Grape hyacinths (Muscari) are small, spring bulbs with bright blue flowers that look like a cross between a bunch of grapes and miniature hyacinths. They look good at the front of a border, naturalised in grass or in shady places such as at the edge of a woodland or under deciduous shrubs. They spread easily and you might find them invasive, so if you'd rather keep them contained plant them in containers.


Grape hyacinths attract a wide range of pollinators, including bees, providing them with an early source of pollen and nectar after hibernation.

How to grow grape hyacinths

Plant grape hyacinth bulbs in moist but well-drained soil or compost in autumn, and water well. Cut back after flowering to prevent seeds developing.

Where to grow grape hyacinths

How to grow muscari - muscari growing with hyacinths and violas in a container
Grape hyacinths growing with hyacinths and violas in a container

For best results grow grape hyacinths in moist but well-drained soil, in sun or shade. They work well when naturalised in a lawn but also in container displays, such as a window box.

How to plant grape hyacinths

How to grow muscari - planting muscari bulbs
Planting grape hyacinth bulbs

Plant grape hyacinth bulbs in autumn, in small clusters. Dig a small trench 10cm deep and toss in a handful of the tiny bulbs. The same principles apply when planting in a pot, but you can get away with planting the bulbs closer together as the display won't be permanent.

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How to care for grape hyacinths

Grape hyacinths don’t need VIP treatment and will spread quite happily once established. Cut back spent flowers to prevent seeds developing. Lifting and dividing established clumps can help control their spread while increasing flowering potential.

How to propagate grape hyacinths

Propagate grape hyacinths by division when plants are dormant in summer. Dig up a congested clump and split apart into smaller clusters and replant. You can also save seed and sow this in spring, but it's much quicker and effective to propagate by division.

Growing grape hyacinths: problem solving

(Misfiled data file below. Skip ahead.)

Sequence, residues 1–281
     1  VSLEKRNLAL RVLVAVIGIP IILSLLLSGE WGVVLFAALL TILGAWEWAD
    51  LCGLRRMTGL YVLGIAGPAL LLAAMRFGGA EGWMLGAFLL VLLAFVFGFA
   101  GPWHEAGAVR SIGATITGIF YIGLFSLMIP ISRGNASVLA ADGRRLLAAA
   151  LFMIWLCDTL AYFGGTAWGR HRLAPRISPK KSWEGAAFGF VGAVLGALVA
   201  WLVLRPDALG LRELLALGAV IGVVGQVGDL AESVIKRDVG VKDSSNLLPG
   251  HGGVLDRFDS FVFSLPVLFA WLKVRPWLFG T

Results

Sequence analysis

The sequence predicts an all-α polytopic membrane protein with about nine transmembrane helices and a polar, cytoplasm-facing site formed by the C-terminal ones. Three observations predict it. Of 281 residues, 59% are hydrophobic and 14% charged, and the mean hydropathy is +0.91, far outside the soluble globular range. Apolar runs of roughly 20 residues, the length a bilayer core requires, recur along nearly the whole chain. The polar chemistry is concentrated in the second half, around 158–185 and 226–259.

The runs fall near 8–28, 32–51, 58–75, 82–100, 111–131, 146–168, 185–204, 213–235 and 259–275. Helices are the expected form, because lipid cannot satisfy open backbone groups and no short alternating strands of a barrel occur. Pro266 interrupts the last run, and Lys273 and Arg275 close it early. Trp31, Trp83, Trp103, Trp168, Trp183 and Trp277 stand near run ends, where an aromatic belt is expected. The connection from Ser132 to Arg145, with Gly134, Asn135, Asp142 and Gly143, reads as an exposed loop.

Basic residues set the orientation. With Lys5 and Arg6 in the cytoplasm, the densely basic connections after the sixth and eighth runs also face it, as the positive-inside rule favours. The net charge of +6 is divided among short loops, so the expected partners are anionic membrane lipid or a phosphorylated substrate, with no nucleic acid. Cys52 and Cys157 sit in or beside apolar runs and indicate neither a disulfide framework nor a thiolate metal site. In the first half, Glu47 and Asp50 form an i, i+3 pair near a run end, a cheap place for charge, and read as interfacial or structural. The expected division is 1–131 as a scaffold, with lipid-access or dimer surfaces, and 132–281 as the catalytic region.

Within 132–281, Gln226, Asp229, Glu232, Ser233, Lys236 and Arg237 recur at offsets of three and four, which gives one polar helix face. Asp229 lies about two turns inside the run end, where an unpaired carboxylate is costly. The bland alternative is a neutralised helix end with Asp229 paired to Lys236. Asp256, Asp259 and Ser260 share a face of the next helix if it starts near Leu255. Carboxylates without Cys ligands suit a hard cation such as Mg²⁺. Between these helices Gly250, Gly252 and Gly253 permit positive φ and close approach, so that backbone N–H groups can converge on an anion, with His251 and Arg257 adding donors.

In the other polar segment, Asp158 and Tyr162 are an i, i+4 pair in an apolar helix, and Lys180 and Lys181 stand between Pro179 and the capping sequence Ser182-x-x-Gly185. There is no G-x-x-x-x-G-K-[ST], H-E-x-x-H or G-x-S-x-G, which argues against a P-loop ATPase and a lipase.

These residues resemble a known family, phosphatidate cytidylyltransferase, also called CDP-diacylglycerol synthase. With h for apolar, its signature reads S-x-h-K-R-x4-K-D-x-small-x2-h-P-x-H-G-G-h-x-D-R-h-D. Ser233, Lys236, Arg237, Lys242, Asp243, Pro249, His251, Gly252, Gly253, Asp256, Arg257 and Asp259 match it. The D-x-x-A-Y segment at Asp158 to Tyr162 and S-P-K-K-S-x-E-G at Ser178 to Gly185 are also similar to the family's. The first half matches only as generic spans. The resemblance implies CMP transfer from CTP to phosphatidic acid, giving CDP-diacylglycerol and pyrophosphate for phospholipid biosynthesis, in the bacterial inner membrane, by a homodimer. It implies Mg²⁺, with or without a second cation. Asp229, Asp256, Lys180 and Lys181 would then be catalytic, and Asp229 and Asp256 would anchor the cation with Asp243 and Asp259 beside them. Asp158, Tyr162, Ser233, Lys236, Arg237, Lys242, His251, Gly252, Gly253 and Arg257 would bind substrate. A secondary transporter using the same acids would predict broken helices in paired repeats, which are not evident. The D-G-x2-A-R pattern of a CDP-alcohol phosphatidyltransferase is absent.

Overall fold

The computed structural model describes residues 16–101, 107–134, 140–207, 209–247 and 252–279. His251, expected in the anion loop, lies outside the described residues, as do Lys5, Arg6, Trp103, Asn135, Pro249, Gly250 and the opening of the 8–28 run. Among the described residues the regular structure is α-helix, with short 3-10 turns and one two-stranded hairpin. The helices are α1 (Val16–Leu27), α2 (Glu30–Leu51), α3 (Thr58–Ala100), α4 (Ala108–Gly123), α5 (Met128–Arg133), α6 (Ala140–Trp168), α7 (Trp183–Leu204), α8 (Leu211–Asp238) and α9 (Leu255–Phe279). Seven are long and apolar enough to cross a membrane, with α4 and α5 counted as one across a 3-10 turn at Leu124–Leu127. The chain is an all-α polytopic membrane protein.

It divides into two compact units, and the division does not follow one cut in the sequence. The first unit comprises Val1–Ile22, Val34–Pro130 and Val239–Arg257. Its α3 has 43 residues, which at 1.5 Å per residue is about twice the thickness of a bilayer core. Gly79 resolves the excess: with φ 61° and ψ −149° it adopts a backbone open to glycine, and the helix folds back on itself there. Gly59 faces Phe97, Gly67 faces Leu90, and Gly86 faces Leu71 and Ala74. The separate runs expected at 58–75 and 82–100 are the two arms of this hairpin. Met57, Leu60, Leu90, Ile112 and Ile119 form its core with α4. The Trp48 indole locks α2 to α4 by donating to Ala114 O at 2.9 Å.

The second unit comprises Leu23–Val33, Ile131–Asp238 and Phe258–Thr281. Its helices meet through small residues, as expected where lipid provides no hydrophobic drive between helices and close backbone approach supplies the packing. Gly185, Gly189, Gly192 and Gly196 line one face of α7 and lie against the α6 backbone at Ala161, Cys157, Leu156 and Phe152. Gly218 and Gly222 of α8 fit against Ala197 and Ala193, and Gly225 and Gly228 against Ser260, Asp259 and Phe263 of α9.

Grape hyacinths are not affected by any pest and diseases. However they do have a tendency to spread and can be invasive. Grape hyacinths can spread by seed as well as underground, via bulb offsets. Deadhead spent blooms to stop seeds developing, and keep an eye on established clumps – if they look like they're spreading too well, dig them up and replant the bulbs in a pot. Ensure you have gathered all the bulbs in the soil to avoid having to dig them up again.

Advice on buying grape hyacinths

  • You can buy pots of flowering grape hyacinths in spring but you'll save money by buying bulbs in autumn
  • Grape hyacinths are widely available at garden centres but you'll find a greater choice online

Where to buy grape hyacinths

Grape hyacinth varieties to grow

Grape hyacinths growing in a pot
Grape hyacinths growing in a pot
  • Muscari azureum – a Turkish variety with typical flowers in a soft sky blue. It is slightly less invasive and The Royal Horticultural Society has given it its prestigious Award of Garden Merit (AGM)
  • Muscari pallens – has soft translucent pale blue and white flowers
  • Muscari armeniacum – a vigorous species variety, growing to 20cm in height, with grass-like leaves and stems bearing spikes of white-tipped, deep violet-blue, egg-shaped flowers in spring
  • Muscari armeniacum 'Blue Spike' – has larger, double-flowered heads and looks good naturalised in grass with other spring bulbs or in containers